Paul Babeu on Lovejoy Case in '07: Sheriff Arpaio Driven by "Insatiable Appetite for Media Attention"

Pinal County Sheriff Paul Babeu, who wants Maricopa County Sheriff Joe Arpaio's support in his newly announced bid for Congress, had strong words for Arpaio after the 2007 arrest of officer Thomas Lovejoy.

Babeu questioned Arpaio's motives in the arrest, saying they were driven not by honest enforcement of the law, but an "insatiable appetite for media attention."

As the former president of the Chandler Law Enforcement Association, Babeu made the statements in a news release following Lovejoy's booking on a misdemeanor animal cruelty charge after Lovejoy's K-9 partner, Bandit, died in a hot patrol car.

Here's what Babeu said back then about the self-proclaimed "Toughest Sheriff," the guy he's now sucking up to:

We strongly disagree with Sheriff Arpaio's decision to charge, arrest and book Sgt Lovejoy, since the case has no criminal merit.

There was no intention to hurt, never mind cause the death of Bandit by any stretch of his culpable mental state (defined in ARS 13-105).

We are further troubled by our belief that the decision to charge, arrest, book and simultaneously hold a public press conference has been driven by an insatiable appetite for media attention.

Rather than fairly considering the legal merits of the case, as any citizen entitled to due process should receive, the Sheriff elected to manipulate the raw emotions of the public which are currently charged by recent local and national headlines.

The Sheriff's motivation is further suspect due to the unprofessional treatment of Sgt Lovejoy.

After Babeu was elected sheriff, he seems to have forgotten that he considered Arpaio a manipulator of raw emotions who's obsessed with media attention above everything else. Instead of becoming the public's watchdog for a sheriff he believed lack proper law-enforcement judgment, Babeu became one of Arpaio's most visible supporters.

The political alliance has had mutual benefit, with Babeu enjoying the sheriff's political support (and, no doubt, cash from Arpaio's often bigoted donors) and Arpaio enjoying a whitewashed investigation of his involvement in major ethical breaches in his office.

After writing a post this morning about the Lovejoy civil suit against Arpaio finally receiving a firm jury trial date of April 17, we decided to call Babeu and ask him about his 2007 diatribe for CLEA.

Chris DeRose, spokesman for Babeu, tells New Times that Babeu can't comment on the Lovejoy case, because he might be called as a witness in the trial. As far as his 2007 statements, "He's not repudiating those and he's not affirming them."

DeRose confesses that Babeu "will be delighted to have the support of Sheriff Arpaio in his run for Congress."

Whatever Babeu may have said about Arpaio in the past, "the two have become friends," DeRose adds. "He has tremendous respect for Arpaio."

Considering that Arpaio's under severe criticism right now for apparent racial profiling, running an unethical office and overseeing a sex-crimes unit that essentially re-victimized rape victims, DeRose's latter statement draws a distinct line in the sand for potential voters.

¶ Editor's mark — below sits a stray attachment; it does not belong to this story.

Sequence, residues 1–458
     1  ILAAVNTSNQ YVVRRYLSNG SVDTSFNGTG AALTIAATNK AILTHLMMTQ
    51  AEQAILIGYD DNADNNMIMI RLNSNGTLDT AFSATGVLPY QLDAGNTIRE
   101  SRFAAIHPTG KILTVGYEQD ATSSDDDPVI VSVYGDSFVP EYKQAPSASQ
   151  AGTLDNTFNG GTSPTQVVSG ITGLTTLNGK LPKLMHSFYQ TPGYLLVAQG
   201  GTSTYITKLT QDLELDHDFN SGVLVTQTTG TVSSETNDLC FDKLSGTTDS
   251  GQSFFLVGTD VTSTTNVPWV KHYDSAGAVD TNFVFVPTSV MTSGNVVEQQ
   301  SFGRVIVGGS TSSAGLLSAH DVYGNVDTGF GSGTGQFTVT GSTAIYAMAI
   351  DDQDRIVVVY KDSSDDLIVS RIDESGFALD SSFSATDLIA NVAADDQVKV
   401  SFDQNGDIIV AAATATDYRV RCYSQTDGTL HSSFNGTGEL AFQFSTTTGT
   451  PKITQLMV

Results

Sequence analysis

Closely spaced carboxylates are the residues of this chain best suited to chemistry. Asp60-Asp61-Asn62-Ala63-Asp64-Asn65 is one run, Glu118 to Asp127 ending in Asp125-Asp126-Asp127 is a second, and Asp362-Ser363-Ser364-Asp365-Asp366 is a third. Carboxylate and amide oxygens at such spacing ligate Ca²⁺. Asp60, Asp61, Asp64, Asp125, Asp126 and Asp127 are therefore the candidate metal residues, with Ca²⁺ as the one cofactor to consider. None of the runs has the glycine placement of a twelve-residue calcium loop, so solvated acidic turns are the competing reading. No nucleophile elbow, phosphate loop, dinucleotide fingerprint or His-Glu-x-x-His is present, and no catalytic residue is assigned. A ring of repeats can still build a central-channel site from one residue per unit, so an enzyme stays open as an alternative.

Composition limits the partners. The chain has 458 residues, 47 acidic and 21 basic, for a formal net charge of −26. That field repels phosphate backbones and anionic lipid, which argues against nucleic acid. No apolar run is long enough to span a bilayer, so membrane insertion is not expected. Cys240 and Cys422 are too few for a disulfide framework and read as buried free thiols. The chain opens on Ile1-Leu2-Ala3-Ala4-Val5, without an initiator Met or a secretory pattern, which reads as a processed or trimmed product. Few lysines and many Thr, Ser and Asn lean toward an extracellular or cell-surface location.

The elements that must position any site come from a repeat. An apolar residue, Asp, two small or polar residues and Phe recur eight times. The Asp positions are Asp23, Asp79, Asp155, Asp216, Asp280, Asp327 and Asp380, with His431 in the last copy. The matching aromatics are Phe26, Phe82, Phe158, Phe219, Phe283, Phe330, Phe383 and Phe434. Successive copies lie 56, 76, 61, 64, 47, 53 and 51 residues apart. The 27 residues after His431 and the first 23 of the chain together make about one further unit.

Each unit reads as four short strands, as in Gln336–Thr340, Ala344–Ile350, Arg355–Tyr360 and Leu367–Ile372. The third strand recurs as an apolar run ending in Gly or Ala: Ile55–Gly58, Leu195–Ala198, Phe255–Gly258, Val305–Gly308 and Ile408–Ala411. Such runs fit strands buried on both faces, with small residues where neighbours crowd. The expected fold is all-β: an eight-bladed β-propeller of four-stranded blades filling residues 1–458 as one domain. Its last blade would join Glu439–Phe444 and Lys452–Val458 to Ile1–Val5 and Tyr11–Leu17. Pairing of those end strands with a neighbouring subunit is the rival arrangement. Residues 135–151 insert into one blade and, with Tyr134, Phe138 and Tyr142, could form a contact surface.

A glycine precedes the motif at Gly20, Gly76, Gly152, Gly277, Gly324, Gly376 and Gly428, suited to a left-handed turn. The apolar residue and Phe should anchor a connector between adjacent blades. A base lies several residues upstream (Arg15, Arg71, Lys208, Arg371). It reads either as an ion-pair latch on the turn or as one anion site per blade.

Such flip-flops are common these days, though. Arpaio may be publicity-obsessed, but he helps gets votes -- and that's what counts most for Republicans dreaming of ballot-box victories.

This story reminds us of the Matt Salmon flip-flop, in which the former Congressman who's now running for Congress again sought and received an endorsement from Arpaio despite harsh, past criticism of the sheriff.

In 2005, Salmon told New Times about Arpaio: "I don't respect him. I don't think he's playing with a full deck."

Other examples? Well, there's the surreptitious recording made of a conversation between Bill Montgomery and County Supervisor Don Stapley before Montgomery was elected county attorney. As our April 30, 2010 article revealed:

Montgomery related how he'd been talking about serious issues during a meeting with Arpaio when the conversation suddenly turned to "stories about his family, past Valentine's Days, that sort of thing."

An aide popped in to prompt the sheriff out of his daydreaming, and "it was a little bit like -- I don't want to disparage him -- but a little bit like someone coming into a nursing home and saying visiting hours are over now."


He said the experience "led me to this conclusion -- and I'm sharing this in confidence..."

"Sure," Stapley encouraged him, knowing the tape was being made.

Montgomery then said he thought the investigation into the planned construction of the court tower was probably not the sheriff's idea, but that of Arpaio's staffers who wanted the construction money to offset budget cuts.

"Manipulating is too strong a term, but it was something akin to that," he said.

He suggested that David Hendershott, the sheriff's chief deputy, was behind the move.

"I don't see everything that he is doing as something that he's coming up with on his own," Montgomery said. "Telling Hendershott 'no' is something that's going to have be done."

Montgomery later happily received Arpaio's endorsement and benefited hugely from a TV ad and mailers that slammed Montgomery's opponent in the 2010 Republican primary, former County Attorney Rick Romley.

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